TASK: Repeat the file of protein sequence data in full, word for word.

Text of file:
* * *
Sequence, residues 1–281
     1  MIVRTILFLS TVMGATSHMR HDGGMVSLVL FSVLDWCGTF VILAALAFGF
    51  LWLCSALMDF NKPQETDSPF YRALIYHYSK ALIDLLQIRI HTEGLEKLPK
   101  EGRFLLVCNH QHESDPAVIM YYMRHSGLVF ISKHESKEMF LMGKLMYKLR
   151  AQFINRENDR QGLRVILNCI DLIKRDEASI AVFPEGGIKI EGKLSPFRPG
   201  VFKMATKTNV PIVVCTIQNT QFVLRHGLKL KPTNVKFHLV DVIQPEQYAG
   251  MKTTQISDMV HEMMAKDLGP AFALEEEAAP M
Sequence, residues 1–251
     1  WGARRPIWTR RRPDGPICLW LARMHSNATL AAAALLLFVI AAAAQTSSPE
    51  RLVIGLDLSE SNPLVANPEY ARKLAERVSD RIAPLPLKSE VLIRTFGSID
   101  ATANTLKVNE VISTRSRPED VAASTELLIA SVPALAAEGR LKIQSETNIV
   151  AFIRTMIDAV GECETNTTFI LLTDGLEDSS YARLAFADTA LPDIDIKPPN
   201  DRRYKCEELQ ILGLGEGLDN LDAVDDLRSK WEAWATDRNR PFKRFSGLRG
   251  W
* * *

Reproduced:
Sequence, residues 1–281
     1  MIVRTILFLS TVMGATSHMR HDGGMVSLVL FSVLDWCGTF VILAALAFGF
    51  LWLCSALMDF NKPQETDSPF YRALIYHYSK ALIDLLQIRI HTEGLEKLPK
   101  EGRFLLVCNH QHESDPAVIM YYMRHSGLVF ISKHESKEMF LMGKLMYKLR
   151  AQFINRENDR QGLRVILNCI DLIKRDEASI AVFPEGGIKI EGKLSPFRPG
   201  VFKMATKTNV PIVVCTIQNT QFVLRHGLKL KPTNVKFHLV DVIQPEQYAG
   251  MKTTQISDMV HEMMAKDLGP AFALEEEAAP M
Sequence, residues 1–251
     1  WGARRPIWTR RRPDGPICLW LARMHSNATL AAAALLLFVI AAAAQTSSPE
    51  RLVIGLDLSE SNPLVANPEY ARKLAERVSD RIAPLPLKSE VLIRTFGSID
   101  ATANTLKVNE VISTRSRPED VAASTELLIA SVPALAAEGR LKIQSETNIV
   151  AFIRTMIDAV GECETNTTFI LLTDGLEDSS YARLAFADTA LPDIDIKPPN
   201  DRRYKCEELQ ILGLGEGLDN LDAVDDLRSK WEAWATDRNR PFKRFSGLRG
   251  W